When you’re not fighting off zombies you’ll have to keep an eye and micro manage yourself too. Your stamina bar depletes but you’ll also need to keep yourself free of disease and illness. This is the crux of where the challenge of 7 Days To Die comes from for me, and the game is rather hard on the player if you mess it up. Think ahead, though, and bring all the right equipment and supplies with you, and you’ll be able to survive longer than most. Players who enjoyed managing their items and ammunition in games like the original Resident Evil and Silent Hill will enjoy and be able to easily grasp these concepts from the bat. Other less experience gamers may have to adjust their method of play.The big twist here is that the game is divided into seven day blocks. A timer ticks down during gameplay and every seven days you’ll be attacked by a horde of zombies. If you’ve got your wits about you and you’ve prepared adequately, the timer resets and another horde will descend upon your location after another seven days have passed. A full day is approximately fifty or so minutes. So essentially you’ll have zombies after you every five or so hours.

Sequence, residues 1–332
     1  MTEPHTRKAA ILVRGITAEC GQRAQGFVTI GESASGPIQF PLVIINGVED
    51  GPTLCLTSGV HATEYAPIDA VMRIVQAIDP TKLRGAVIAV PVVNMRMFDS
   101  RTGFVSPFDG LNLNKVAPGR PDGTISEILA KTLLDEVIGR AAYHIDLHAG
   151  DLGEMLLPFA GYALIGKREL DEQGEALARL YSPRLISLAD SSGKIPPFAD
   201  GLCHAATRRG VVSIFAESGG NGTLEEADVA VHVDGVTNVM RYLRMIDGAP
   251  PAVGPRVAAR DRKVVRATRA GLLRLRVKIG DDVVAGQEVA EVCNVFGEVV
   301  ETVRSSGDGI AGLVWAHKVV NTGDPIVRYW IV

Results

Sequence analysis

I’ve heard the notion of the game being called “Minecraft with Zombies”, and honestly such an assessment isn’t too outrageous. During the day I found myself bashing every item in the world just to get resources, so I could build things, and then create greater resources. It’s open, it’s kind of monotonous but the appeal of its freedom, building and exploration is what pulls people in. Sound familiar?There is a little bit more of an emphasis on combat in 7 Days To Die given its nature but not a lot. You’ll be fortunate enough to wield both melee weapons and firearms but the combat is so drab that neither are a joy to use. Melee weapons very rarely amount to anything more than the rapid fire bludgeoning seen in Minecraft and guns have no meaningful feedback. But guns are almost always the better option here as they require little to no wrestling with the camera to constantly focus on whichever enemy you’re trying to pelt.